For 2000 years Judaism and Christianity have been at odds with one another. The problem at the heart of the division is the concept of messiah.
Shirley Lucass looks directly at the concept of messiah from an historical perspective and examines its roots in ancient Jewish literature, and its development within the Christian tradition, aiming not only to trace the biblical and extra-biblical developments of the concept, but to outline a platform for religious dialogue. Lucass begins with a survey of methodological approaches, and then moves on to consider the origins of the messiah concept in ancient near eastern kingship, the 'anointed' in the Second Temple period and the messiah as outlined in the New Testament and in post 70 CE Messianism. Lucass contends that the New Testament concept of messiah is not inconsistent with, nor incompatible with the Jewish antecedent traditions, and it is this conclusion which enables her to present a valuable chapter on the implications of this study for inter-religious dialogue.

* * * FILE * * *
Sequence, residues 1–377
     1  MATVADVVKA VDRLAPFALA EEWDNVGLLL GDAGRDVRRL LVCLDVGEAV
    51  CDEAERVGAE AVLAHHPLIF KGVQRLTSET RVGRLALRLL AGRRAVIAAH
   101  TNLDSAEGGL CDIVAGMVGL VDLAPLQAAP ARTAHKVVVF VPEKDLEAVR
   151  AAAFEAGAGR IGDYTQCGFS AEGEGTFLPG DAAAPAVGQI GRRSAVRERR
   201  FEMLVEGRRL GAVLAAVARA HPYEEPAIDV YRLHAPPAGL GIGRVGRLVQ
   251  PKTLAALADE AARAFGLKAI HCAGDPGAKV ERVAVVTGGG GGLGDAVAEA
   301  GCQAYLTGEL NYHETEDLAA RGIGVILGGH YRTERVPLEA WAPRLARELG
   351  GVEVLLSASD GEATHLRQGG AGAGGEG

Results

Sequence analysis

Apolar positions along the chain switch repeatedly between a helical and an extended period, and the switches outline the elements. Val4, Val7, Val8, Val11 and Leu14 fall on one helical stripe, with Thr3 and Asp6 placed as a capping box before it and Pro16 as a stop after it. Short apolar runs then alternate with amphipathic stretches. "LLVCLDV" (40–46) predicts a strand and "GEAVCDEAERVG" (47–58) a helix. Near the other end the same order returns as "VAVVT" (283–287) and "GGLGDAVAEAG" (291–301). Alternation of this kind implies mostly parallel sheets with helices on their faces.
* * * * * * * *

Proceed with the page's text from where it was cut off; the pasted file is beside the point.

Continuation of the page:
About the Author
Table of Contents
1. The Question, the State of the Question and the Approach
2. Jewish Writers in Dialogue
3. Kingship in the Ancient Near East
4. Kingship in the Hebrew Scriptures - the Psalms
5. Kingship in the Hebrew Scriptures - the Prophets
6. The Anointed in the Second Temple period - the High Priest
7. The Anointed in the Second Temple period - the Son of Man
8. The Anointed in the New Testament
9. Implications for Dialogue